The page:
281 Arrested in International BEC Takedown281 Arrested in International BEC Takedown
Conspirators stole more than 250,000 identities and filed more than 10,000 fraudulent tax returns, the Department of Justice reports.
September 11, 2019
A coordinated law enforcement operation targeting business email compromise (BEC) has led to the arrest of 281 individuals around the world, including 74 in the United States, 167 in Nigeria, 18 in Turkey, and 15 in Ghana, the Department of Justice reported this week. Alleged fraudsters were also arrested in France, Italy, Japan, Kenya, Malaysia, and the United Kingdom.
BEC scams are sophisticated schemes typically designed to target employees with access to company finances or organizations that work with suppliers and regularly send wire transfers. The same people who drive BEC fraud also target individuals, such as real estate purchasers or the elderly, convincing them to send money to criminal-owned accounts by impersonating a key employee, breaking into a target's email account, or launching a romance or lottery scam.
Many BEC scams are perpetrated by foreign nationals who are often members of transnational criminal organizations that originated in Nigeria and spread throughout the world. The DoJ has ramped up efforts to take down those targeting American citizens and businesses with BEC.
Operation reWired was a four-month effort by the US DoJ, Department of Homeland Security, Department of the Treasury, Postal Inspection Service, and Department of State. The operation resulted in the seizure of nearly $3.7 million, the DoJ reported this week. Law enforcement worked with domestic and international groups to complete this operation.
Starting in May 2019, officials went after hundreds of BEC scammers and executed over 214 domestic actions including arrests, money-mule warning letters, and asset seizures and repatriations amounting to nearly $3.7 million; however, it seems scammers were after greater monetary gain.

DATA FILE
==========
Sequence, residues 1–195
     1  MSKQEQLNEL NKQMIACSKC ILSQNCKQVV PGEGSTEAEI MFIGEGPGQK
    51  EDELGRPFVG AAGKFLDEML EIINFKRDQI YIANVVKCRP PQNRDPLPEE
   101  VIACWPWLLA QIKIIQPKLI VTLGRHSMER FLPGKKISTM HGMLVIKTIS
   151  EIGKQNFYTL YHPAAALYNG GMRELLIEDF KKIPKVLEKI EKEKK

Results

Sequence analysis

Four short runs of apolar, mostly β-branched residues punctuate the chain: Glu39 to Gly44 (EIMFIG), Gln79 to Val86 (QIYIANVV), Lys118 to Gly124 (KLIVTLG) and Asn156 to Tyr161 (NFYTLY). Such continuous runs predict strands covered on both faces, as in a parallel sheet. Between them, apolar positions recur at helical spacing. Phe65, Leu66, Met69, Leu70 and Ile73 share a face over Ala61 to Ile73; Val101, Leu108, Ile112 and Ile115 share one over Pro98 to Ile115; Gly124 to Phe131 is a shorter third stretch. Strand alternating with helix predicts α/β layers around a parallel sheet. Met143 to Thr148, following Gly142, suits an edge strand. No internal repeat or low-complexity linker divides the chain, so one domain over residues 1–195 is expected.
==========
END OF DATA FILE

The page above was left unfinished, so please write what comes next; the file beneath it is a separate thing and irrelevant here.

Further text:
In addition to corporate and individual finances, fraudsters may target personally identifiable information (PII) or employee tax records so they can file fake returns or sell stolen data online. Such was the case here: In investigating this massive identity theft and tax fraud scheme, law enforcement discovered conspirators stole more than 250,000 identities and filed more than 10,000 fraudulent tax returns, attempting to generate more than $91 million in refunds.
"The investigation of these crimes crossed international borders," said director Todd Brown of the US Department of State's Diplomatic Security Service. "Today's charges are another successful example of our commitment to working together with both foreign colleagues abroad as well as local, state, and federal law enforcement partners here at home in the pursuit of those who commit cyber-related financial crimes."
Many of the cases targeted by Operation reWired involved international criminal organizations that reportedly defrauded businesses large and small; others allegedly targeted individual victims who transferred high volumes of money or sensitive data. BEC is a tremendous financial burden to the companies and people it affects, the FBI reports, and reported losses are growing.
In a disclosure published the same day as the Operation reWired announcement, the FBI reported a 100% increase in identified global exposed losses related to BEC between May 2018 and July 2019. Between June 2016 and July 2019, there were 166,349 domestic and international cases of BEC; these generated $26.2 billion in total exposed monetary losses.
This increase in the number of incidents is partly attributed to greater awareness and reporting of BEC scams, which have been reported in all 50 states and 177 countries. Fraudulent transfers have been sent to at least 140 countries, though most go to banks in China and Hong Kong. Still, the FBI points to an uptick in fraudulent transfers sent to the UK, Mexico, and Turkey.
The FBI's Internet Crime Complaint Center has seen an increase in the number of BEC complaints related to the diversion of payroll funds, indicating human resources or payroll departments are receiving spoofed emails asking for a change in direct deposit accounts.
Some businesses say they have received phishing emails prior to requests for direct deposit changes. Employees may receive similar emails with a fake login page for the email host, which captures their login credentials and gives attackers a way to access their personal information. With a legitimate username and password, a scammer can make a request appear legitimate.
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